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Anthony Horowitz is perhaps the busiest writer in England. He has been writing since the age of eight, and professionally since the age of twenty. He writes in a comfortable shed in his garden for up to ten hours per day. In addition to the highly successful Alex Rider ongoing series of books, he has also written episodes of several popular TV crime series, including Poirot, Murder in Mind, Midsomer Murders, and Murder Most Horrid. He has written the television series Foyle's War, which aired in the United States, as well as the libretto of a Broadway musical adapted from Dr. Seuss's book, The 5,000 Fingers of Dr. T. He penned the script for the film The Gathering, which was released in 2003, starring Christina Ricci. Horowitz has also written the Diamond Brothers series.
Fans of Anthony Horowitz's Alex Rider Adventures series will glom onto Three of Diamonds (2002), also by Horowitz, which gathers a trio of Diamond Brothers Mysteries. Tim and Nick Diamond search for an MIA philanthropist in "The Blurred Man," wind up in a prison in Paris in "The French Confection," and "I Know What You Did Last Wednesday" finds them trapped on a Scottish isle with a murderer. Copyright 2005 Reed Business Information.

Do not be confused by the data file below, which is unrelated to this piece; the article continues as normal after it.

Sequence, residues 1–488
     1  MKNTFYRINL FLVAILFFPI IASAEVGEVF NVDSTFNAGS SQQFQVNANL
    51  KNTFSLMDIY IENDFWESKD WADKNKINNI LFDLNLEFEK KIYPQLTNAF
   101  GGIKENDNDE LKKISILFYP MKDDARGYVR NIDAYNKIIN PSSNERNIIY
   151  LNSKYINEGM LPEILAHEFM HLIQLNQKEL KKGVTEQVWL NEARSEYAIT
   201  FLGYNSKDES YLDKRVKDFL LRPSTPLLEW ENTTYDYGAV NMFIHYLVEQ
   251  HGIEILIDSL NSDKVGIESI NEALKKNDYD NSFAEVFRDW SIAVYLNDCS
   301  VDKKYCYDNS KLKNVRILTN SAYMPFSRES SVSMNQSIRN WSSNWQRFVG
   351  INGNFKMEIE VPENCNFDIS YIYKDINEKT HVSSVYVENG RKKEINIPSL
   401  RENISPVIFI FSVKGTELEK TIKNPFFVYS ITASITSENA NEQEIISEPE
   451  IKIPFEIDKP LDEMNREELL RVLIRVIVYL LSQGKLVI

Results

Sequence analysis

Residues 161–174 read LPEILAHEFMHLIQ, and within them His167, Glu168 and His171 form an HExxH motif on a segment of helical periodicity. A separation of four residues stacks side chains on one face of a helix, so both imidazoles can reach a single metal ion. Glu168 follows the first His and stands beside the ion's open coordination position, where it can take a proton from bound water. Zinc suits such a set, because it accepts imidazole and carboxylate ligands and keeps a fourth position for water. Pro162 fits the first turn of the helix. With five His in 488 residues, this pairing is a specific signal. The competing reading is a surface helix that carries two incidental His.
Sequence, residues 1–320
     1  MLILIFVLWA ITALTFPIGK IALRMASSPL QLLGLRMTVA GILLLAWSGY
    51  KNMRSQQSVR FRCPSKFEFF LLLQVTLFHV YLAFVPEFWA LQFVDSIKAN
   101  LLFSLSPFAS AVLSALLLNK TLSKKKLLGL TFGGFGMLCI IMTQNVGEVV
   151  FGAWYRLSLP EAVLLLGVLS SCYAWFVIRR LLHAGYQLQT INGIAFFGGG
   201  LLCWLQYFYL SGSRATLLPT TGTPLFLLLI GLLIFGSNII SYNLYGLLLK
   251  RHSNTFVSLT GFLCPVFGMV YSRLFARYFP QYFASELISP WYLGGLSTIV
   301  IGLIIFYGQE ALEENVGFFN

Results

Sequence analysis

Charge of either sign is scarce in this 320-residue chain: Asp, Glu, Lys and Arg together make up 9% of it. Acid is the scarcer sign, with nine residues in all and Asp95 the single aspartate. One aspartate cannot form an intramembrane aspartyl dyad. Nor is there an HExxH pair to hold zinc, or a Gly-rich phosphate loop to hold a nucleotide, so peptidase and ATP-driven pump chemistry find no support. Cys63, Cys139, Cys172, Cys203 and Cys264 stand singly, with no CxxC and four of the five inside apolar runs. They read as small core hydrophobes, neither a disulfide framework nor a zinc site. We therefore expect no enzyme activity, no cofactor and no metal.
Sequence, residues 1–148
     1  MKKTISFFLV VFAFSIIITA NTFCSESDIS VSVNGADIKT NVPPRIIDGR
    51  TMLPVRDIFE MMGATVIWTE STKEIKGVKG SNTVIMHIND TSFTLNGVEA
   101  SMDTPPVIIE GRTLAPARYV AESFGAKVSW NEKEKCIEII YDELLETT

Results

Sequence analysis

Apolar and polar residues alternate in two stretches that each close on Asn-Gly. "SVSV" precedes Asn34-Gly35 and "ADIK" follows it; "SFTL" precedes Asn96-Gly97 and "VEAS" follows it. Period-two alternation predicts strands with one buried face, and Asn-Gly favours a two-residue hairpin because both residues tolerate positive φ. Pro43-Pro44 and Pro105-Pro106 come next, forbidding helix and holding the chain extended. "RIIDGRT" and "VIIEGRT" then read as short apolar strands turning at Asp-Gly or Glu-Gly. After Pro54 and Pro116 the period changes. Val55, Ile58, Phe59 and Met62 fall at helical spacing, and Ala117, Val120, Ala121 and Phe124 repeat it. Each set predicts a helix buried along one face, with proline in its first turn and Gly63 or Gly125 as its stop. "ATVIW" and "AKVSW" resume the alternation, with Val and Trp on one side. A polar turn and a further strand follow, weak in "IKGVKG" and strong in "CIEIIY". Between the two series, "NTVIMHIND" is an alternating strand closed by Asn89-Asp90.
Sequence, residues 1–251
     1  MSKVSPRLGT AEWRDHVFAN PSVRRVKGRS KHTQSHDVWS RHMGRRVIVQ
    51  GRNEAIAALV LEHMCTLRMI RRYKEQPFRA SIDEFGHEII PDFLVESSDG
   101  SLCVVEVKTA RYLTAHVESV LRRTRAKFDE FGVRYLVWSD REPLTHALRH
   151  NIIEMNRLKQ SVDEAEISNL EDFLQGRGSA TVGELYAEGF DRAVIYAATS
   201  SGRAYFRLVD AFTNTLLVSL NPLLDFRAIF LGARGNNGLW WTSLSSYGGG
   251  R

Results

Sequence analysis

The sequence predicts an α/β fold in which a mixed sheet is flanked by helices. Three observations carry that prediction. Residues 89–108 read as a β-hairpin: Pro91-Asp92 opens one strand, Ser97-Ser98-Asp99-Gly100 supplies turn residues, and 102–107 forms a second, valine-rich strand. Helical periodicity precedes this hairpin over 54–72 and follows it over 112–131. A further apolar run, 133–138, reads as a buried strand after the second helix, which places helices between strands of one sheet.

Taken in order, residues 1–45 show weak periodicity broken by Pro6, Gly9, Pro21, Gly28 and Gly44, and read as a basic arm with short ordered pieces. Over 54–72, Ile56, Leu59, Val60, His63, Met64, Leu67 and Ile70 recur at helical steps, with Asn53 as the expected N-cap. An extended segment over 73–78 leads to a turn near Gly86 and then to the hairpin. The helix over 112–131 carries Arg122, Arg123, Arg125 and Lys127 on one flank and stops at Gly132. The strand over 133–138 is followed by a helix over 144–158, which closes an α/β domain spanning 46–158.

Gr 5-8-Tim and Nick Simple, also known as the Diamond Brothers, find themselves in the middle of mystery and mayhem in three action-packed short stories. In each humorous episode, Nick, 13, must solve the crime before his older brother, the world's worst detective, either bumbles the investigation or gets them both killed. In "The Blurred Man," the Simples must determine who flattened philanthropist Lenny Smile with a steamroller. A trip to France becomes a near-death experience when they find themselves in the middle of a drug ring in "The French Confection." Finally, Tim is invited to a class reunion that becomes deadly in "I Know What You Did Last Wednesday." Nick is a realistic character with a voice that is sarcastic and fresh, while Tim's lack of intelligence makes even the most dangerous situations laughable. Plenty of plays on words add to the humor. Readers looking for an entertaining mystery will enjoy this sequel to The Falcon's Malteser (Philomel, 2004) and hope for more.-Angela M. Boccuzzi-Reichert, Merton Williams' Middle School, Hilton, NY Copyright 2005 Reed Business Information.